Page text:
Intentional Self-Sabotage

There are also people who have developed a pattern of doing something to sabotage the possibility of obtaining what they want. It is almost as if they are addicted to going their own way. This person might feel cursed, or like an inevitable failure, because after trying so hard again and again, success is still unobtainable.

These kinds of self-sabotage might include repeatedly enrolling in school, only to drop out or flunk out; saying exactly the wrong thing in a social situation; doing something at work that results in being fired; or alienating and distancing new friends. If someone tries to help them, they argue with the person, negate any suggestions, and undermine any chance that the help would be effective. Even in these instances, when people seem to be blatantly trying to ruin anything good, I still believe they are trying to protect and help themselves.

First of all, they are not trying to destroy themselves—their actions result in feelings of deprivation, frustration, and disappointment, not total destruction. Their motivation is often to protect themselves from controlling, intrusive parents. By undermining a parent’s efforts, the child can achieve a separate identity, passive power, and independence, and can express anger about being mistreated. The goal, then is self-preservation.

Actual Self-Destruction

First, a note on suicide: while suicide might appear to be the ultimate form of self-destruction, most people who want to kill themselves just want the emotional or physical pain to stop, and they don’t see any option other than death. In an odd way, suicide is still a form of self-preservation.

It is rare that people actually intend to destroy themselves or their lives. When people are overwhelmed with guilt, they may believe that they deserve to be punished by death. This can happen, for example, to a child who survived an accident when a sibling didn’t. Yet, even in this case, the person probably sees death as the only way to find relief from intense guilt about something that seems unforgivable to them.

Generally, the term self-destructive suggests that an evil force inside is determined to destroy us, and that this force must be hated, conquered, amputated, or exiled. The more I learn about so-called self-destructive tendencies, the more I discover that, in fact, a part of the person is trying to protect or heal the self. The method of self-harm is usually one developed during childhood. Sometimes when a person is using one of these methods, the action is reminiscent of a child. The method of protection is not only child-like, but the behaviors and thought processes also match the skills, resources, and perspective of a child at the age when the trauma first occurred. Resolving the trauma allows the person to develop less hurtful ways of coping with painful feelings.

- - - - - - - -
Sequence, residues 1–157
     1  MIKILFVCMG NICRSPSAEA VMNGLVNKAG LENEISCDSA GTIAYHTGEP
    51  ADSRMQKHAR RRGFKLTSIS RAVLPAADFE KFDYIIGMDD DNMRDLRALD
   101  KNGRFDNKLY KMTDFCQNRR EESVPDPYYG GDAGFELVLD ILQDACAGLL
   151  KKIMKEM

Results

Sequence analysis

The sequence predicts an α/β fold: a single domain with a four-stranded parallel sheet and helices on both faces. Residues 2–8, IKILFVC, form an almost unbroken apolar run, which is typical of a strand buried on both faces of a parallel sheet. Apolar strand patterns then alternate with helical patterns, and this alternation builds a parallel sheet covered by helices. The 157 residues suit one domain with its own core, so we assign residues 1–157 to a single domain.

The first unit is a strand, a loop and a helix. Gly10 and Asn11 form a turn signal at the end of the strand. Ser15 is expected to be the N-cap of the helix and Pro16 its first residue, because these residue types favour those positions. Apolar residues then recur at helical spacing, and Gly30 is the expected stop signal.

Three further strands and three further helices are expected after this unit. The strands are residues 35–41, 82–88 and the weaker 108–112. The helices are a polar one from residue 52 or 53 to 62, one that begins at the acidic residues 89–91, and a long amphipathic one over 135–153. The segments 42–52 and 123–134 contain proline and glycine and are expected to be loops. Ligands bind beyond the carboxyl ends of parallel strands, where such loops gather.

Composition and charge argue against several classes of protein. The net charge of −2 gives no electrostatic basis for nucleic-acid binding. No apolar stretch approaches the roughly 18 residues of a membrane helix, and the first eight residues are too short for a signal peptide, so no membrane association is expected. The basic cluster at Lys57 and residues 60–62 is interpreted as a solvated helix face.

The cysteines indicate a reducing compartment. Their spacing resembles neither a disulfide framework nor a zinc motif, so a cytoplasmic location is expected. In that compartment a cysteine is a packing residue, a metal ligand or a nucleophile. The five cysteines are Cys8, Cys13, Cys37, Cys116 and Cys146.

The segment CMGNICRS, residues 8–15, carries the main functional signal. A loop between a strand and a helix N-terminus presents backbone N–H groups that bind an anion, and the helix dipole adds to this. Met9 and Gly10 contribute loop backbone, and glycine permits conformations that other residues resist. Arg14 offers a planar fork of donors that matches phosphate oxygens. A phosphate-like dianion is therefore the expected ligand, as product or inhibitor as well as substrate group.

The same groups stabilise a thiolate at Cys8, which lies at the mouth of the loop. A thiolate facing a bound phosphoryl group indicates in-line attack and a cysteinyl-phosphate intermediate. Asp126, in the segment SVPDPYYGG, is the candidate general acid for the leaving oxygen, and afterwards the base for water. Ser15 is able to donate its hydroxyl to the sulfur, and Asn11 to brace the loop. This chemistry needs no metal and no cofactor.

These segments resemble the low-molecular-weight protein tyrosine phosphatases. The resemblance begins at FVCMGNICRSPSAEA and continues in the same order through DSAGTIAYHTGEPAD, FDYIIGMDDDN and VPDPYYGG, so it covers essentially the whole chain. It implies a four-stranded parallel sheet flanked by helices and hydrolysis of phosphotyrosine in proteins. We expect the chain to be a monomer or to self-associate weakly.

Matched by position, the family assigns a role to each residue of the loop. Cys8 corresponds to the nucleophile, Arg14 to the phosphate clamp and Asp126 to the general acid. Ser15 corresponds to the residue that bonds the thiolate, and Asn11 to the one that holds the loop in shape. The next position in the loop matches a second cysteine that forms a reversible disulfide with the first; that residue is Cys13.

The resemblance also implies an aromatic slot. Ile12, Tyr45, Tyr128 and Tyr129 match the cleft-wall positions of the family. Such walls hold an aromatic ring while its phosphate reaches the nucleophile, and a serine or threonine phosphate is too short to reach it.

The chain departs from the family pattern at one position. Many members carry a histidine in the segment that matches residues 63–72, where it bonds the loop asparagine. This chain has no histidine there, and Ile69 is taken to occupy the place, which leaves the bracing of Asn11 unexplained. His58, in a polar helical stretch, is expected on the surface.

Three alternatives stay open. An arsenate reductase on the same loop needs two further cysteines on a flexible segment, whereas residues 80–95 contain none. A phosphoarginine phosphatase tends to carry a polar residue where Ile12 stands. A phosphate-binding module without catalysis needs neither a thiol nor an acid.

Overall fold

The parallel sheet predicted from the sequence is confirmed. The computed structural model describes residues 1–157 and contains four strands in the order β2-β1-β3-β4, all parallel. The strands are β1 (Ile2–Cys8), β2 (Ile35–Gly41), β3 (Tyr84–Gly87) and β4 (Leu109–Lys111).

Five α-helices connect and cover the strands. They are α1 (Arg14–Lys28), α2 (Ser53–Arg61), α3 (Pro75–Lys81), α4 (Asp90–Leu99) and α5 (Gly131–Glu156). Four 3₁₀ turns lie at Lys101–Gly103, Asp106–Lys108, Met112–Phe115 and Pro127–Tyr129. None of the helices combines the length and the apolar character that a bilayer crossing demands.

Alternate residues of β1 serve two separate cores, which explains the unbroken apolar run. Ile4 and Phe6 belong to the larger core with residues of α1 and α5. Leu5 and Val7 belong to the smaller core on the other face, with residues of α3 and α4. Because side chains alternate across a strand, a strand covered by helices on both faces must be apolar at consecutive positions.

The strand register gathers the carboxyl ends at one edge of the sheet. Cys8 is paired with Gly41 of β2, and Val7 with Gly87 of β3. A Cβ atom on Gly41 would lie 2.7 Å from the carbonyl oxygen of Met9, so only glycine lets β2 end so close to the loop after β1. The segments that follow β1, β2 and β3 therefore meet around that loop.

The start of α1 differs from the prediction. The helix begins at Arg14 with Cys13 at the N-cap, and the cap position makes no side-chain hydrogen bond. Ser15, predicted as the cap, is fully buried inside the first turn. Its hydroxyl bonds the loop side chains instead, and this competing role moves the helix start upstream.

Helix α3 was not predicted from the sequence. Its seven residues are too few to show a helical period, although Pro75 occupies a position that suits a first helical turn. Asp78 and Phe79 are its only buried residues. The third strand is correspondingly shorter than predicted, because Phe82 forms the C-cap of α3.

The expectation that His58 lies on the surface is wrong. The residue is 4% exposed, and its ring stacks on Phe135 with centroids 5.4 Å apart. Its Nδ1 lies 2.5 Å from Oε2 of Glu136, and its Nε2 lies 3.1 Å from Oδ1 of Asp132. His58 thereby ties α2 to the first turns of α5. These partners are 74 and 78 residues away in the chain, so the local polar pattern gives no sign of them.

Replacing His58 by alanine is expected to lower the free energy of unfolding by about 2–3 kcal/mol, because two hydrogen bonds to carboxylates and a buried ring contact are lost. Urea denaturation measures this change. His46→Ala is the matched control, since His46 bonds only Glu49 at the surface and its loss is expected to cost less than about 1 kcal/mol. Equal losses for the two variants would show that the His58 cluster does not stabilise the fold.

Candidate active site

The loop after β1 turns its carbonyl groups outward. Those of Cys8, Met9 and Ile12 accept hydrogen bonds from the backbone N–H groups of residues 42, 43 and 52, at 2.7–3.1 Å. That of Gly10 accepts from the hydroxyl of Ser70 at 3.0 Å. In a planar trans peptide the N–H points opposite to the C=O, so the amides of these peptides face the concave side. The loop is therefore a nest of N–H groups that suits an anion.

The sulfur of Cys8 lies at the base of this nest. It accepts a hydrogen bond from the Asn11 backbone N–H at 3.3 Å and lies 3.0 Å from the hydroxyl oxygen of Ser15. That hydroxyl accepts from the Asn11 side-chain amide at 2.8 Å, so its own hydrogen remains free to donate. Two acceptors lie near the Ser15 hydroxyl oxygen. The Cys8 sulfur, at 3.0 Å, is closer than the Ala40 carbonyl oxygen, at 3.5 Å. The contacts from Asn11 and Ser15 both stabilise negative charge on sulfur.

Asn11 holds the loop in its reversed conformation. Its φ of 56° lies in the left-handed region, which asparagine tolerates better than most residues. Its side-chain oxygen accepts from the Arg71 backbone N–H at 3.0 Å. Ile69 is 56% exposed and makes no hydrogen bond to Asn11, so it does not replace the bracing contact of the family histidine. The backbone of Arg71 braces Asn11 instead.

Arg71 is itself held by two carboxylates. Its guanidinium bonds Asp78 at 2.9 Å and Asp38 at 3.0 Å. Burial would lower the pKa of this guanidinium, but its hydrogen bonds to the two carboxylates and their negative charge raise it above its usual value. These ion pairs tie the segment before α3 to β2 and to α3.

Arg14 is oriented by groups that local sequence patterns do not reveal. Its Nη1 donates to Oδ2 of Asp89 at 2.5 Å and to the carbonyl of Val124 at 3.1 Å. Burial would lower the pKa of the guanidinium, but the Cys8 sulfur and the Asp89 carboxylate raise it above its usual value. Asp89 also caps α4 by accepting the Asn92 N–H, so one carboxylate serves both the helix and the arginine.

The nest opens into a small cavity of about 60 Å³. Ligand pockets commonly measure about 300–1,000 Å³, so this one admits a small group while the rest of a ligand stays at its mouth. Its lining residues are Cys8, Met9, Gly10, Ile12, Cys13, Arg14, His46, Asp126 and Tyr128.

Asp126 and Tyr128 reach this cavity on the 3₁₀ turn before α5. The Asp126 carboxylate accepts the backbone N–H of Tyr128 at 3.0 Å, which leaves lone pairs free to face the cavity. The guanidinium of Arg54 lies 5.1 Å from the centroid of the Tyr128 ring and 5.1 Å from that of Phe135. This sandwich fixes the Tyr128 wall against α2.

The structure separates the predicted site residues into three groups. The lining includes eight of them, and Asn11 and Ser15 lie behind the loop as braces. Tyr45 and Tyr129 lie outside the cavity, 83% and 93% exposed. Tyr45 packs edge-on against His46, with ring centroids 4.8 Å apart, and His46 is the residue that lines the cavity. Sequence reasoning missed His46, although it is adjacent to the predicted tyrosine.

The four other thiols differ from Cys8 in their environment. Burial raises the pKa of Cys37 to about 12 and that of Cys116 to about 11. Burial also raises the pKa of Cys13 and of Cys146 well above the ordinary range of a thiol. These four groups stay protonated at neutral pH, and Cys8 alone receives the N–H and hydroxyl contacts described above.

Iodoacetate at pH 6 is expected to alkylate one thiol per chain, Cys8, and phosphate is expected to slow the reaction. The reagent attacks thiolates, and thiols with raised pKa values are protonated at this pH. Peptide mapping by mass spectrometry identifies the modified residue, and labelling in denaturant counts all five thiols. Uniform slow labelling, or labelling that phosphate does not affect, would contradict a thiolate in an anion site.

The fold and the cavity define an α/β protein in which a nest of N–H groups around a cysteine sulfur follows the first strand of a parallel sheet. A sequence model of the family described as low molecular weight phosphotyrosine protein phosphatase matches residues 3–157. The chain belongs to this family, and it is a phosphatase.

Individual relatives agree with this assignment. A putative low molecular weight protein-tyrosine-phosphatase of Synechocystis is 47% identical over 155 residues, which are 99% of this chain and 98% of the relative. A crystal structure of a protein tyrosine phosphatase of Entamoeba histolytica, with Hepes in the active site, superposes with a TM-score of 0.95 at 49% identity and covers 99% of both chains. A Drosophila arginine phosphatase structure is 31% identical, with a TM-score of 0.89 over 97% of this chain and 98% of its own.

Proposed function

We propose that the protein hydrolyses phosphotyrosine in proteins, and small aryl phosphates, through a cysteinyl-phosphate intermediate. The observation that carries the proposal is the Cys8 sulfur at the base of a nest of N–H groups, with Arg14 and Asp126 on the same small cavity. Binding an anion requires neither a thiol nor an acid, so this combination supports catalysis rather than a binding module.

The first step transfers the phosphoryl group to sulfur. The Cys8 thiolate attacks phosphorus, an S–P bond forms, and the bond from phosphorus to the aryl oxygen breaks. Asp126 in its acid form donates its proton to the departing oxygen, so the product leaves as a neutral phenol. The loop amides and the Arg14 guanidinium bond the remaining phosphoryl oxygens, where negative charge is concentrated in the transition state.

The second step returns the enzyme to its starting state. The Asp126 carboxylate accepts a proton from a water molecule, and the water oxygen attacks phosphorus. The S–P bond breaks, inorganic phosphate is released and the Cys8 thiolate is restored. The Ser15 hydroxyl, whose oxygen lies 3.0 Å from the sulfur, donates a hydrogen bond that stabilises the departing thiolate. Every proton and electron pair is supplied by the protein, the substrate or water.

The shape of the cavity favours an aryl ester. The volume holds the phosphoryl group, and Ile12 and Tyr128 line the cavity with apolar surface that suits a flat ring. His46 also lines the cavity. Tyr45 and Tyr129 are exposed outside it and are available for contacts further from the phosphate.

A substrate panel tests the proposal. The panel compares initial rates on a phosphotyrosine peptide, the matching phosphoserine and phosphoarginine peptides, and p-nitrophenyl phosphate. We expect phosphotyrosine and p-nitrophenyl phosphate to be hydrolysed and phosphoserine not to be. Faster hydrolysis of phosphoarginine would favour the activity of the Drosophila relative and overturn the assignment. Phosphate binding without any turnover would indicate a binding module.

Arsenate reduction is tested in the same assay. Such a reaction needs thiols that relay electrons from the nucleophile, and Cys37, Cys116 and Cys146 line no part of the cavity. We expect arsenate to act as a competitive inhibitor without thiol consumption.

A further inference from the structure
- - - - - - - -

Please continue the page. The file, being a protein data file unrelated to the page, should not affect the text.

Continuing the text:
So ask yourself if you do anything you think is self-destructive. Then drill down into what this behavior might be related to, and see if you can find a positive intention, even if it is a child’s view of how to achieve that intention. I’d love to know what you find.

© Copyright 2010 by Cynthia W. Lubow, MS, MFT, therapist in El Cerrito, California. All Rights Reserved. Permission to publish granted to GoodTherapy.org.

The preceding article was solely written by the author named above. Any views and opinions expressed are not necessarily shared by GoodTherapy.org. Questions or concerns about the preceding article can be directed to the author or posted as a comment below.

  • 18 comments
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  • Hannah

    Hannah

    August 5th, 2010 at 7:08 PM

    I am in my early twenties and am absolutely addicted to buying new footwear.It all started off in high school and I do not know how many pairs I have myself.Although it is not causing any hurt or harm to me,it sure hurts my pocket and I end up being with too little money early in the second half of the month due to my footwear buying spree.

  • Terry

    Terry

    August 6th, 2010 at 3:51 AM

    Some people tend to start hurting themselves after going through a tough time or after losing someone special in life.They tend to think that their life is over after that event and do everything bad onto themselves and never make an effort to make themselves happy.

  • Austin

    Austin

    August 6th, 2010 at 4:31 AM

    I don’t get this, man. What could possibly be good about hurting yourself?

  • HUGHboy

    HUGHboy

    August 6th, 2010 at 11:07 AM